The Fall of 2010

At year’s end, pundits are prone to partake in New Year’s predictions. It is a pursuit often done lightheartedly. But every so often facts align themselves in ways that require genuine assessment.

And a willingness to make a prediction that may be so bold that it cannot later be hemmed or hawed or rationalized away.

That gives a pundit an advantage over those other folks who prognosticate for a living at the CIA. They have so much intelligence at their fingertips and under their fedoras that they are very good at prophecies of geopolitical nuance – but not at sensing truly seismographic regime changes that may be at hand. Especially changes in dictatorial regimes that seem too powerful to be undone by unarmed forces.

In past eras, I was fortunate to be unencumbered by vast intelligence resources – which may be why I was able to predict two climactic changes that surprised those far more skilled at the intelligence game.

First, in the last days of 1988, as a panelist on CNN’s year end show, I evoked much chortling from some colleagues when I declared: “The Berlin Wall will come down in 1989. Write it down. It’ll happen.” (It did.)

And, in a December, 1990 column, I predicted this for 1991: “The Fall of One Nobel Laureate: Mikhail Gorbachev, no longer able to keep together his economically crumbling and nationalistically clamoring union, will resign. A KGB/military hard-liner will rule … Moscow’s new, repressive communist regime will collapse in just a few months. The Soviet Union will break into a confederation of nation-states, sharing a military but little else. The world will worry about who controls the nuclear weapons.” (He did. It did. We did.)

I will not bore you by citing other predictions made over the years that remain as yet unconfirmed. But I wanted to remind frantic CIA Googlers of those two credentials in order to focus attention on what is happening in Iran.

On Dec. 21, a funeral procession in Qum for Grand Ayatollah Hossein Ali Montazeri, an outspoken critic of the iron-fisted Islamic regime, was transformed into a massive antigovernment rally. The New York Times reported that tens of thousands of his supporters denounced President Mahmoud Ahmadinejad and the Islamic rulers who pull his strings.

“Our shame, our shame, our idiot leader!” they chanted. And “Dictator, this is your last message: The people of Iran are rising!” Iran has a large, educated middle class that has a broad cultural affinity with the West. Iran’s defiance of United Nations nuclear inspectors is leading to new sanctions for a nation already reeling from economic woes.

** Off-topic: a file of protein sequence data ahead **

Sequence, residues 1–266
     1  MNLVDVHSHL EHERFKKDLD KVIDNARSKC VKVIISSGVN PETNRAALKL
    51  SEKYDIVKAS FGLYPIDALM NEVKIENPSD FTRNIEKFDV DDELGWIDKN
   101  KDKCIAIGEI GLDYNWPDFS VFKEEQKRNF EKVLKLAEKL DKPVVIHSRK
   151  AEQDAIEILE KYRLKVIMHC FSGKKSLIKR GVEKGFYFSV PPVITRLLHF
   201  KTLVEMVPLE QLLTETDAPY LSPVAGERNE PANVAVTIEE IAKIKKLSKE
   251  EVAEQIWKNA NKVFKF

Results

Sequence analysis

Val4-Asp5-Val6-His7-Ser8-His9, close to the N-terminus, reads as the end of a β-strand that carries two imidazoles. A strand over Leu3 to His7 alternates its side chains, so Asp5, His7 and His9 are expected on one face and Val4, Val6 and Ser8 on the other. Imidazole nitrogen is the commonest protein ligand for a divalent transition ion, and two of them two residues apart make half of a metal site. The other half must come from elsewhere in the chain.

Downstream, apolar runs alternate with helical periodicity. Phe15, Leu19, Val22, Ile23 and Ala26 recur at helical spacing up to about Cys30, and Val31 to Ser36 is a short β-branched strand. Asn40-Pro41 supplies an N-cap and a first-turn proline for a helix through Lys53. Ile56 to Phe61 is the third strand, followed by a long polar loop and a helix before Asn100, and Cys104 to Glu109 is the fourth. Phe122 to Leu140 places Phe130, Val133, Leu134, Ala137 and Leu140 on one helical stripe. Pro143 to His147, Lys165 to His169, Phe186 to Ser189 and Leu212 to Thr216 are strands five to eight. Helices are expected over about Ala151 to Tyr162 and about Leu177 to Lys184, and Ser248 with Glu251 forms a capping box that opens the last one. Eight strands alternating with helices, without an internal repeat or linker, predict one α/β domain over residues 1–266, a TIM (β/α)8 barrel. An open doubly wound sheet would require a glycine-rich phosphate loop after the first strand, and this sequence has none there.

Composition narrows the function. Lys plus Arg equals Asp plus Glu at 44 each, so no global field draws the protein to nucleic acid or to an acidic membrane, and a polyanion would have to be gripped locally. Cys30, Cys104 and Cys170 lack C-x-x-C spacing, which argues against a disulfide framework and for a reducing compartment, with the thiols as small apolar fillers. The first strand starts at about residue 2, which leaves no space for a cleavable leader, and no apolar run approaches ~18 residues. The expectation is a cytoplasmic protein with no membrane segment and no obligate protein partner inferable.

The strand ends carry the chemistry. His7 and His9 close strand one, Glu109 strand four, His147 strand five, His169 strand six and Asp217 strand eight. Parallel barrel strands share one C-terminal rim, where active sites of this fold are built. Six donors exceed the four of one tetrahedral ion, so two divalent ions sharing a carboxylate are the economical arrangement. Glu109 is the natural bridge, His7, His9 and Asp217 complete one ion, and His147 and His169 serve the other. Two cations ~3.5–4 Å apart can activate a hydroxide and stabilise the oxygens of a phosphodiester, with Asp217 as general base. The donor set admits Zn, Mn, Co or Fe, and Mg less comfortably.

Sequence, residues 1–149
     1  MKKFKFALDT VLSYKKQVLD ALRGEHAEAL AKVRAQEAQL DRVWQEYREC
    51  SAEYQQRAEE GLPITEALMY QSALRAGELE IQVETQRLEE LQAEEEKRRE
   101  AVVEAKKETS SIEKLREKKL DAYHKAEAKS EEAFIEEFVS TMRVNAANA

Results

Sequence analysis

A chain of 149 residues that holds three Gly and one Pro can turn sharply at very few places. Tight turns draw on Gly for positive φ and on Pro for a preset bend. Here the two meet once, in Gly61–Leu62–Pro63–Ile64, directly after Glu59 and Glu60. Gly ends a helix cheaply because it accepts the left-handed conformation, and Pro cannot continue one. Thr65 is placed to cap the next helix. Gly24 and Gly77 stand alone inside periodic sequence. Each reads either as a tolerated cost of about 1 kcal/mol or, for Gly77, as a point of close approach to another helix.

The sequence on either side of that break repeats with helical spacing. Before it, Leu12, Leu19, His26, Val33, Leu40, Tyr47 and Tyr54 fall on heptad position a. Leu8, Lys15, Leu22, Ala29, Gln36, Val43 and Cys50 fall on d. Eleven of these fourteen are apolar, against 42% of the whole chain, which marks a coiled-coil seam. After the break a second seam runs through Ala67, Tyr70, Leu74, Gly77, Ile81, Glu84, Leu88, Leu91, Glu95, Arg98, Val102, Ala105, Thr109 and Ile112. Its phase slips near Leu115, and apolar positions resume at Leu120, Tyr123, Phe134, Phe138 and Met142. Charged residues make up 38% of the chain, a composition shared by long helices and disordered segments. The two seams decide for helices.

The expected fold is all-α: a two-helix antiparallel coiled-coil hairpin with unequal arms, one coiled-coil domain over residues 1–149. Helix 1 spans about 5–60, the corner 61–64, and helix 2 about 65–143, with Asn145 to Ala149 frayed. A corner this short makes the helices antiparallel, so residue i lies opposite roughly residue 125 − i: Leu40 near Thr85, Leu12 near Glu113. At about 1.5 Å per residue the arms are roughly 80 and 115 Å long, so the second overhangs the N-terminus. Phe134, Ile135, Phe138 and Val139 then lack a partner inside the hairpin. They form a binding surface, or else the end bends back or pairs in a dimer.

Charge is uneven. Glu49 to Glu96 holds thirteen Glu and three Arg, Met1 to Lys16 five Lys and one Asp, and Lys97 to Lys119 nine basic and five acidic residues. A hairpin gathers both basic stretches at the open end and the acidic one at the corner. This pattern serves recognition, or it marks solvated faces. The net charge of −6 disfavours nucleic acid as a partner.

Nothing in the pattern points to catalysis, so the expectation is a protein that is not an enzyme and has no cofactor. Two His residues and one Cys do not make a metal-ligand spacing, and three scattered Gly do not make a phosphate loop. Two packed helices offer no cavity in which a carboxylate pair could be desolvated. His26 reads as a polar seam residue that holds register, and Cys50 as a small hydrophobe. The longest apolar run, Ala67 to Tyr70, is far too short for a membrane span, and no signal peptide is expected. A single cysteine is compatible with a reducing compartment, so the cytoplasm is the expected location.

Ahmadinejad remains in power only because Supreme Leader Ayatollah Ai Khamenei swept aside evidence of widespread voting fraud in June. After thousands defied Khamenei’s ban on protests, leading to mass arrests, I wrote: “The absolute moral authority of Iran’s supreme leader has unraveled with the swiftness and absolute irreversibility of a turban caught in a ceiling fan … Iran will never again be the same.” This week’s defiant protests proved that.

But perhaps most important was a little-noticed Obama administration crackdown this month: The Justice Department, pursuing its crackdown on Europe’s most famous banks for secret ties with Iran, won a half-billion dollar settlement from Credit Suisse Group which used code words and other means to hide transactions with Iran that violated U.S. Sanctions. Other European institutions are being investigated.

That crackdown will likely cause big problems for Iran’s financial and business elite, which will cascade down upon the middle class like new fuel tossed on old flames of disgust with the ruling regime. Iran’s Supreme Leader rules not by faith but by fear – and fists.

It is only a matter of time before there will be a new Iran, governed (but not ruled) by leaders who may be secular or Islamic, but will be genuinely democratic and eager to pursue a pro-West path to prosperity.

America’s job is to convince the new Iran that the fastest track to prosperity can be powered by a world of economic partnerships – but never by a nuclear bomb.

Martin Schram writes political analysis for Scripps Howard News Service, and can be reached at

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